What do Kareem Abdul-Jabbar and Kurt Warner's professional careers have that Tim Tebow's does not that might explain this scorn? Fans watch sport first, they get personal stuff second. The athlete must be respected before the athlete's views, religion, personality will be respected; especially if it's a big deal, like Tebow's. Not saying it's right, just that it is. 

Warner believes the difference lies in the level of exposure and expectation. While both used football as a platform, Warner said, fans identified with his story, from grocery bagger to Super Bowl M.V.P., more than they identified with Tebow, who garnered a greater following and greater backlash, so much so that Warner felt compelled to reach out to his friend in recent weeks.

I think the moral of this story is that if you try to use something you are not good at as a platform to promote your beliefs, people will not listen. Again, Tebow is a good guy, and he believes many things that I do, but as a sales pitch, this is not going to work. 

Reactions toward Tebow can seem polarized between those who lionize him as a mythological athlete and those who perhaps resent the idea that Tebow taps into some higher power on the field.

Wait sorry my choices are a) lionize and b) resentment at Tebow tapping into higher powers against the Dolphins? Come again? Reactions toward Tebow are polarized along the lines of people who think Tebow is a great guy despite being a bad quarterback and people who think Tebow is a douche and a bad quarterback. No one considers Tebow a mythological athlete in the NFL and if he's tapping into powers to generate this performance, those powers are not higher. 

“I feel like it’s a little much,” Hasselbeck said. “At ESPN, with so many different outlets, you feel like you’re having the same conversation over and over again.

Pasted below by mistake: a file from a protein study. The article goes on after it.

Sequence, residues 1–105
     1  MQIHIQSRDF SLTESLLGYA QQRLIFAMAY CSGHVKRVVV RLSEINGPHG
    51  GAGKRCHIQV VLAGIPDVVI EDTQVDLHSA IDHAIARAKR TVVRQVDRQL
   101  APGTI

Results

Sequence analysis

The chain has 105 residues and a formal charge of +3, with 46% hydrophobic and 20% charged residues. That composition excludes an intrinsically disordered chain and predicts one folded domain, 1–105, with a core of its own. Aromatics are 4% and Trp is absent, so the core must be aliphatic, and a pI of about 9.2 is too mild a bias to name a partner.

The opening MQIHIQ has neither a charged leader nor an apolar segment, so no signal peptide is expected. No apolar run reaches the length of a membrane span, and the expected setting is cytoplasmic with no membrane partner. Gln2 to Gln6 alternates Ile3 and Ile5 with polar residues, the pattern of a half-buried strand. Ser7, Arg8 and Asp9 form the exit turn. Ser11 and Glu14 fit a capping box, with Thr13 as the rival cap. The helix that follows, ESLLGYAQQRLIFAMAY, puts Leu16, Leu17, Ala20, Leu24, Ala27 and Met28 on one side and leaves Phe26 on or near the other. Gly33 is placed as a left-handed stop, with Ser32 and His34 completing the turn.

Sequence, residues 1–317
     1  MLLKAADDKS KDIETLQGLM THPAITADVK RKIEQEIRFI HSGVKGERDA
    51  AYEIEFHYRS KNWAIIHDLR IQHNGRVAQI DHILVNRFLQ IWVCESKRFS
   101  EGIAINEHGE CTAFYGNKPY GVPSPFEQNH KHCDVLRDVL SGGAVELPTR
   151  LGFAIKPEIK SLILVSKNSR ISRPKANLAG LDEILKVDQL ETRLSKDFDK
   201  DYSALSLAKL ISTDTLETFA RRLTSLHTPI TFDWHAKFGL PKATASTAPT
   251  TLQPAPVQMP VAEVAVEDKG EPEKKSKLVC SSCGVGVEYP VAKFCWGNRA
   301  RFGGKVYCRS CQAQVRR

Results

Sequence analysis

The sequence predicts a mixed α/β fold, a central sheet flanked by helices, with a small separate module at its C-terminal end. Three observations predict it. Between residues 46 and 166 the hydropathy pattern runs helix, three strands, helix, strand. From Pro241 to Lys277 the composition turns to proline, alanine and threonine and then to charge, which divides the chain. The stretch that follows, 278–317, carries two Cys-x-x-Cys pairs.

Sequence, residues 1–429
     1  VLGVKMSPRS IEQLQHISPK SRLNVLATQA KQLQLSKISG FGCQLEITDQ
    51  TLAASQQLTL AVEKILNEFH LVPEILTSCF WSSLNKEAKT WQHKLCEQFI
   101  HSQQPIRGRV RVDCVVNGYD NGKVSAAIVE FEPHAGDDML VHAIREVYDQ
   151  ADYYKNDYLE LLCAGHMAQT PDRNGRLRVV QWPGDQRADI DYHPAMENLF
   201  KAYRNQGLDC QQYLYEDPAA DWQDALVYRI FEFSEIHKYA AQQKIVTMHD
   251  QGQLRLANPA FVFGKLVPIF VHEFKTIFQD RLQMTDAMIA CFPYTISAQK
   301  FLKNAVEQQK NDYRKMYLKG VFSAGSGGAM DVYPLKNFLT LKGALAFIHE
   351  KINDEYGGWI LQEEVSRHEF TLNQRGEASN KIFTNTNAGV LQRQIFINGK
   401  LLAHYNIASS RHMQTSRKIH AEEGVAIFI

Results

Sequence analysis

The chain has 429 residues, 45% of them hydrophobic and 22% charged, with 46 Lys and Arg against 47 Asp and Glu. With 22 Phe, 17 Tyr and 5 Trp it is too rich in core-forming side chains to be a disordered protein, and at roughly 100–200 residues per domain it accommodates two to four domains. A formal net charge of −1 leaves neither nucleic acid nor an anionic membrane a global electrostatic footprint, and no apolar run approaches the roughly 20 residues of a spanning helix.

It does feel like that; but that's for another time. 

There’s a lot of talk about him. You can’t say it’s just religion. At the same time, you hear a lot of things that sound like an attack on his beliefs.”

We live in the United States of America for God's sake. We have never elected a non-Christian President. Our money says "In God we Trust." Everyone prays before football games. But when you take it outside normal social limits, and you're a bad quarterback, you're going to get ripped. 

To Rich Gannon, the SiriusXM radio host and former N.F.L. quarterback, the religious overtones overshadow other possible reasons that Tebow is struggling: he did not get to spend the off-season around his teammates because of the N.F.L. lockout; the Broncos’ roster is largely bereft of talent; a new offensive system was installed before this season; and the top receiver was traded — the normal factors used to judge a quarterback.

You call me when Tebow get's an NFL offense going. 

Gannon said there should be a separation between Tebow the football player and Tebow the Christian athlete.

Hey, it's impossible for something to be both one and many....oh, ok then. Well let's separate the douchiness and make him the Tebow trinity.

On Sunday, with his job hanging in the balance, Tebow propelled the Broncos to one game outside first place in the muddled A.F.C. West.

That's also known as last place but you're right. 

His message: Keep the faith.

Equally appropriate, the last shall be first, and the first shall be last.